Retirement regret (and how one hospital CEO beat it)

New retirees who feel any loss of structure, identity or intellectual stimulation are hardly alone⁠ — about 15 percent of retirees have a difficult time adjusting to their new lifestyles, The Wall Street Journal reports. 

The statistic comes from Georg Henning, PhD, a researcher at the German Centre of Gerontology in Berlin. People may find the adjustment from working life to retirement especially challenging if they retire for health reasons, face financial difficulties or leave the workforce involuntarily. 

Samuel H. Turner Sr., former president and CEO of Shawnee Mission Medical Center in Merriam, Kan., didn't have a seamless adjustment from sometimes working 14 to 16 hours a day to the abundance of free time that his first retirement in 2011 brought him. 

"I was just lost," Mr. Turner told The Journal. "Even though you think you're prepared for [retirement], you're not. You're just sitting there thinking, 'What am I going to do today?'"

University of Missouri-Kansas City School of Medicine asked Mr. Turner a few years into his retirement to serve as its associate dean for diversity and inclusion. Mr. Turner accepted the position, effectively unretiring and striking an agreement with his wife to work two years, stopping when they would both be 70. 

When Mr. Turner retired for the second time in 2017, he had a better idea of how he wanted to spend his time. He exercises for two hours six days a week, volunteers at a food pantry, sings on his church's praise team and serves on its finance committee. He is on the board of a local bank and sits on nominating committees for the local judiciary and for candidates of the five U.S. service academies. He has time to read books for the first time in 30 years. He has enjoyed more time and travel with his wife.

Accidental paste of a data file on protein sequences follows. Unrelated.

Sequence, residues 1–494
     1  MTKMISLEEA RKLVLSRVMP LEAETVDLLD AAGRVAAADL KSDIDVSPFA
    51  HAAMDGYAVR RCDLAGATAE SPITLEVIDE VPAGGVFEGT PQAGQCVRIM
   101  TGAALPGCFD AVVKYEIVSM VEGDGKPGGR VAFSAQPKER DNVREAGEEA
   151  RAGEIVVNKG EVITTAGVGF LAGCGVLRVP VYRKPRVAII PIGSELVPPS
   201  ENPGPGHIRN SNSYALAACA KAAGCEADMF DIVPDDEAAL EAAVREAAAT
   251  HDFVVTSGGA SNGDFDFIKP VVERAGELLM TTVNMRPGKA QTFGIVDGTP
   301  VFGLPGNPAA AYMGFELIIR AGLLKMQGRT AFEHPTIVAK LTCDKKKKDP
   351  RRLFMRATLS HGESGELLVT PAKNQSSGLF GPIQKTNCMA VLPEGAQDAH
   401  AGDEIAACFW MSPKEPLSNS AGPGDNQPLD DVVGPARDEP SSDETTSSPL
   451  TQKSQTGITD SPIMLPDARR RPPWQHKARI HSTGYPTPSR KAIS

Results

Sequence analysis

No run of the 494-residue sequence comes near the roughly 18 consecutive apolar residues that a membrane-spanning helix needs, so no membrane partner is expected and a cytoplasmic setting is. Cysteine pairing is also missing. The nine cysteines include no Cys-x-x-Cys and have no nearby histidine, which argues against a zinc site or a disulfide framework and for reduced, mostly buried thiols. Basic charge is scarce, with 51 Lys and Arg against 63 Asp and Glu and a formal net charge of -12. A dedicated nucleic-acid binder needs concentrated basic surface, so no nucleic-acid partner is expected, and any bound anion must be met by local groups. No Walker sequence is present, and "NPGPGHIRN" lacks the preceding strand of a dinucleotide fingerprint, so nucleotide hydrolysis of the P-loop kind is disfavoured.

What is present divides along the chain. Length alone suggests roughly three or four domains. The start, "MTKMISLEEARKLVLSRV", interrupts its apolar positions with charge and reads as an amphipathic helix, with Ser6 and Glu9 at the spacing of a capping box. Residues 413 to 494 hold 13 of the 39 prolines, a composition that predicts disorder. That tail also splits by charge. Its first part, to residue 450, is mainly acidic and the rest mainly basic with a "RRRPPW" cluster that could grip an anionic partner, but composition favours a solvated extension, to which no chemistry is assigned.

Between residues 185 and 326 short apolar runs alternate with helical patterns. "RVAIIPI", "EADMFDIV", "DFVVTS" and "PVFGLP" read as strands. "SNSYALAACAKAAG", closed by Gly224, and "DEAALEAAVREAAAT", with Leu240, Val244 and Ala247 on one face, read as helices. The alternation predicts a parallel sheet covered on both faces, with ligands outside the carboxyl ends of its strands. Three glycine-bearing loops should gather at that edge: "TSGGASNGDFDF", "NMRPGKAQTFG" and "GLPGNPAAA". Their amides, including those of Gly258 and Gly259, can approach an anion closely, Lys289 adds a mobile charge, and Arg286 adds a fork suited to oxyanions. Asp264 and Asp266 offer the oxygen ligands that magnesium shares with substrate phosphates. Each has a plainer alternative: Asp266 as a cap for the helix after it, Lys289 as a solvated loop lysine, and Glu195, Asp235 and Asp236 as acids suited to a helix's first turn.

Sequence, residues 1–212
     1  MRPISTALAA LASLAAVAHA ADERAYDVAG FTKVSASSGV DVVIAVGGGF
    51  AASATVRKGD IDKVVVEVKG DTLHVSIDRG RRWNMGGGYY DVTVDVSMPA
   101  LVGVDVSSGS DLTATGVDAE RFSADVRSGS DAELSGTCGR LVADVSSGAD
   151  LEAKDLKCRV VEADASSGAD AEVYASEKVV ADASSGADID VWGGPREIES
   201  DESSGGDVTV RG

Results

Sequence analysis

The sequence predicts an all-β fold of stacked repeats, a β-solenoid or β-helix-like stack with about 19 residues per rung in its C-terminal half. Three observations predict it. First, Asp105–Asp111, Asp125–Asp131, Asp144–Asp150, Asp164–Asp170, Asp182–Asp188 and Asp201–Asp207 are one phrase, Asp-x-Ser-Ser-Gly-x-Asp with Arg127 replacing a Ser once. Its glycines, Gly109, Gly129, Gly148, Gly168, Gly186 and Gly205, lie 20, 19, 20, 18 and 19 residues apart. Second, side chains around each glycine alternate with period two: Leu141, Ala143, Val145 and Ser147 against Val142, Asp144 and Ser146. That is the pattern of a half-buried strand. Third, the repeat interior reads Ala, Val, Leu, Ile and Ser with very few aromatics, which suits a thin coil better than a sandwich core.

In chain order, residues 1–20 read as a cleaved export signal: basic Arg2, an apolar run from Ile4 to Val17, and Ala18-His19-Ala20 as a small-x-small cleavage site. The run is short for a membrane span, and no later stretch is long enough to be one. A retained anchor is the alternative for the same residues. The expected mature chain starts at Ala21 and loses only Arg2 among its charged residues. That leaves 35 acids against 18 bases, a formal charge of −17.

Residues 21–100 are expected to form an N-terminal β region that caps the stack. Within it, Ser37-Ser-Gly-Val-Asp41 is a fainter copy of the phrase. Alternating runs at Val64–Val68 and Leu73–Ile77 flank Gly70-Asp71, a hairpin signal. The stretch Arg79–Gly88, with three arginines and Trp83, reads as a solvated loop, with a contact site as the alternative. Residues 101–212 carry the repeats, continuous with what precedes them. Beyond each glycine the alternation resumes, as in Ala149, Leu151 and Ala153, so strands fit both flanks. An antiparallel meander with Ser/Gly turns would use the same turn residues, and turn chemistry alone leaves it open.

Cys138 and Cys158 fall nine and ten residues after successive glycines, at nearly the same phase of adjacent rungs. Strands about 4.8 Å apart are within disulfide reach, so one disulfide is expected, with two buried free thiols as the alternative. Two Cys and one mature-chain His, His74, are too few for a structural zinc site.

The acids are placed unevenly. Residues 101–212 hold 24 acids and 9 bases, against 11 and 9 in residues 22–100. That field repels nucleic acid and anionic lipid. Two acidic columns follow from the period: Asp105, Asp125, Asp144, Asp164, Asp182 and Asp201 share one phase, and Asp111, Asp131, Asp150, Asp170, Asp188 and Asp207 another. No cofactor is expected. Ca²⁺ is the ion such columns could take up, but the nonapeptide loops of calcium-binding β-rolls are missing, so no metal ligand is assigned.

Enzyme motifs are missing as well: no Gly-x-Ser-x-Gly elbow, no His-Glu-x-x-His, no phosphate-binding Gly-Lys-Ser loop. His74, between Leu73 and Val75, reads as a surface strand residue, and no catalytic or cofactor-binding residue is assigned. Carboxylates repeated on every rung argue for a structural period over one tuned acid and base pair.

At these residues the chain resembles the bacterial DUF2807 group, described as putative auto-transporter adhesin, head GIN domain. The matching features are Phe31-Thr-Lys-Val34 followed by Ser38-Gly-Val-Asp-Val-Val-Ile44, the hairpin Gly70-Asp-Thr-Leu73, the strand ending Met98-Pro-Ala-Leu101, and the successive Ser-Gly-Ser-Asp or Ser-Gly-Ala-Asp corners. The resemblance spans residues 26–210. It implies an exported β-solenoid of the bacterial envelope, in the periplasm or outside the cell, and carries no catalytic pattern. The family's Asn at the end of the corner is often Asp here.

"When I retired this time, I was set up," Mr. Turner told The Journal. "I have a busy schedule and structure. I see now that there are good things about retirement. There are contributions that I can make."

Mr. Turner's experience is aligned with findings from a 2020 paper published in Aging & Mental Health, which found that retirees who were the most involved in activities and connected with friends and family were likely to "succeed" in retirement, and those who took these steps before retirement transitioned into their postwork lives more smoothly.

Unretirements like Mr. Turner's are striking up a good amount of interest in 2022, too. Economists are curious as to whether baby boomers who accelerated their retirement during the pandemic will return to the workforce, and if so, at what rate. 

Pre-pandemic, "unretirement" was not uncommon in the United States, due to financial hardship or personal choice. It's still too soon to say whether the pandemic has challenged this dynamic.

Early retirements are one type of disruption to the healthcare labor force throughout the pandemic. Census microdata from the Current Population Survey provided by the University of Minnesota shows 14,500 nurses had recently retired as of March 2021, an increase of 140 percent over that figure in March 2019, according to a Pew report. The figure represents people who worked in the profession the past year but said they were now retired and not looking for work.



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